Resilience Guide: A Collection of Resources on Resilience in Children and Families
Guide to Promoting Resilience in Children: Strengthening the
Edith H. Grotberg
- Developing Resilience
in Urban Youth
Linda F. Winfield
- A Framework for Practice: Tapping Innate Resilience Bonnie Benard and Kathy Marshall
- Exploring the Dynamics
of Resilience in an Elementary School
Saundra Murray Nettles and Frances P. Robinson
Fostering Resilience in Children
Bonnie Benard (1995)
English | Spanish | Chinese
It Around for All Youth: From Risk to Resilience
Resilience: An Overview for Rural Educators and Parents
and Young Children's Development
Lorraine B. Wallach
Internet Resources: On Resilience
Internet Resources: Research Institutions and Innovative Projects
Background of ResilienceNet
In late 1997, ASSIST INTERNATIONAL, INC., (ASSIST) in Arlington, Virginia, and the ERIC Clearinghouse on Elementary and Early Childhood Education (ERIC/EECE) at the University of Illinois at Urbana-Champaign began discussing a project to create a "meta-Web site" of resources and information about the resilience of children and families. ASSIST had been interested in resilience as a result of the research done by one of its members in the International Resilience Project. ERIC/EECE, which gathers and disseminates information in the field of early childhood education, had been interested in resilience as an important topic in that field.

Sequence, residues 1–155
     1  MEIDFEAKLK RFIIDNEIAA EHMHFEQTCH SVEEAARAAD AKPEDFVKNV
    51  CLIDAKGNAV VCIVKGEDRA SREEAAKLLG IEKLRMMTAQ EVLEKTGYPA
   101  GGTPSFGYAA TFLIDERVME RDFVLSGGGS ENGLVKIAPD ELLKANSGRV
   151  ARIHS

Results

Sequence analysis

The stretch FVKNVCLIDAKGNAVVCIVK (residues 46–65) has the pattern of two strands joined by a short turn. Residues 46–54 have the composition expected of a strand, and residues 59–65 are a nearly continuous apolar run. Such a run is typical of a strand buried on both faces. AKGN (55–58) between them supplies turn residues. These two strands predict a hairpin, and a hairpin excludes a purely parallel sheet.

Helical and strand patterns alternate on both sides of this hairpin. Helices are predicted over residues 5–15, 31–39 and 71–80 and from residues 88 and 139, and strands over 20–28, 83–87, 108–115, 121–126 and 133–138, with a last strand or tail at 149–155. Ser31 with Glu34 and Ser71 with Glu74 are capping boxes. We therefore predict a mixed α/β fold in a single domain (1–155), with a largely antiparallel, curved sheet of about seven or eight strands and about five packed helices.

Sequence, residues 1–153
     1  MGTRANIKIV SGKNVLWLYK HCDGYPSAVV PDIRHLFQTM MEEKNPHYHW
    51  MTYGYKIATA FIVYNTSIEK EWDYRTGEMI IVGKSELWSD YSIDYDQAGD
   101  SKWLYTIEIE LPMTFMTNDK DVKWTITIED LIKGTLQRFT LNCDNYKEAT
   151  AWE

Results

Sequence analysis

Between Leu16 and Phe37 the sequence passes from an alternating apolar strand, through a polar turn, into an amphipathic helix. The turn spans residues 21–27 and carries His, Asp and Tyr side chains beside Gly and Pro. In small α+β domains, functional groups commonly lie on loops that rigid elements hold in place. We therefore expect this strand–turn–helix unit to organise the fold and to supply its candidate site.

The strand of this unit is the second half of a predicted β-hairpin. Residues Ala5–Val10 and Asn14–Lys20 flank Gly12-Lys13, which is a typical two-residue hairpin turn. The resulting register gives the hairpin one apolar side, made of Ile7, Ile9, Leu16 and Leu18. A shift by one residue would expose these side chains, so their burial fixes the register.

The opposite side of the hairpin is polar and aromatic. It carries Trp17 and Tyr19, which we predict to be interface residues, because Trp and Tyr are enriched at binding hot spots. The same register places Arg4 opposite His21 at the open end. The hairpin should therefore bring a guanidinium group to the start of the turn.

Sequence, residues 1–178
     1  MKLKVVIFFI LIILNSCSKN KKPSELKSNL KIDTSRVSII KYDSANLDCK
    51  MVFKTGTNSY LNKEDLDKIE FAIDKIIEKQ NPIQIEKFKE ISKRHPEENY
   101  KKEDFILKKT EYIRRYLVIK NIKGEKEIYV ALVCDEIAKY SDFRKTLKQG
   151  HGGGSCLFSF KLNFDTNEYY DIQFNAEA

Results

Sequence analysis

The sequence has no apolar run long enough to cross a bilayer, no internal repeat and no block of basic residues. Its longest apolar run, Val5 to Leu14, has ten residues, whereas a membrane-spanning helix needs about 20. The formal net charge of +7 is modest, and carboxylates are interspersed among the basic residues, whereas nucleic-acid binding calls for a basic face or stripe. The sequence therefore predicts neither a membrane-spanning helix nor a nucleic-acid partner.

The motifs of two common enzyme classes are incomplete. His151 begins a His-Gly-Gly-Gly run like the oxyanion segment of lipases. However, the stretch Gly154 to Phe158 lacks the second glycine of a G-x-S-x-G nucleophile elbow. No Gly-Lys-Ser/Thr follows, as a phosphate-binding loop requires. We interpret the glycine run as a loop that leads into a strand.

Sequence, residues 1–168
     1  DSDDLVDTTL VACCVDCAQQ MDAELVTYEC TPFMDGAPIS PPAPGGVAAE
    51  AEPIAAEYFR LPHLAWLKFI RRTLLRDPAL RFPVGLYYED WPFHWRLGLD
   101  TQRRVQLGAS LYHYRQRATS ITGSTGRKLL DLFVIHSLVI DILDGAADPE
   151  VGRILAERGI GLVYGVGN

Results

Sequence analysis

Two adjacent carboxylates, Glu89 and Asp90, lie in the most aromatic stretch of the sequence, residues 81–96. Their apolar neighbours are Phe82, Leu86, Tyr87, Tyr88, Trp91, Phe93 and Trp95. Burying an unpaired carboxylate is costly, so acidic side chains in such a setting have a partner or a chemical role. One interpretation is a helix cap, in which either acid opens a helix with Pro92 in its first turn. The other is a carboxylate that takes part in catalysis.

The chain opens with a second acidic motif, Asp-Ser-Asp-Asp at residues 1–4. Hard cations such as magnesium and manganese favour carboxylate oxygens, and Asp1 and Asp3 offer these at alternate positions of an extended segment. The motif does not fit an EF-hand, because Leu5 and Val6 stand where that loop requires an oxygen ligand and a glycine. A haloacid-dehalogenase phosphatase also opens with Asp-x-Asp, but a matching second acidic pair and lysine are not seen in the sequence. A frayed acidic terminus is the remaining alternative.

The usefulness that such a Web site would have was apparent from the growing importance of the concept of resilience in education, psychology, and related fields. The concept began to emerge in the psychological literature in the 1970s. Since then, it has become a mainstream concept in the professional literature of several fields. This fact is indicated by the number of citations that involve resilience in databases such as PsychLit (379), PsychInfo (290), ERIC (484), and MEDLINE (41,875).
The fact that many international organizations had begun directing efforts to programs that support the resilience of children and families was another indication of the increased importance of the concept of resilience. These organizations include:
- National Center for Health Services, which made a 5-year commitment to explore the concept of resilience in programs for children and youth;
- Pan American Health Organization (PAHO), which has published manuals for service providers on the promotion of resilience;
- Bernard van Leer Foundation of Amsterdam, which supports resilience programs in Latin America, has produced resilience-related publications, and supports conferences and workshops that address resilience-promoting efforts;
- Latin American Development Bank, which supports resilience-promoting projects in Argentina;
- International Catholic Child Bureau of Geneva, Switzerland, which publishes resilience-related materials; and
- International Center for the Study of Resilience at the University of Lanus, Argentina, which incorporates resilience concepts into training programs for providers who work in rural Argentina.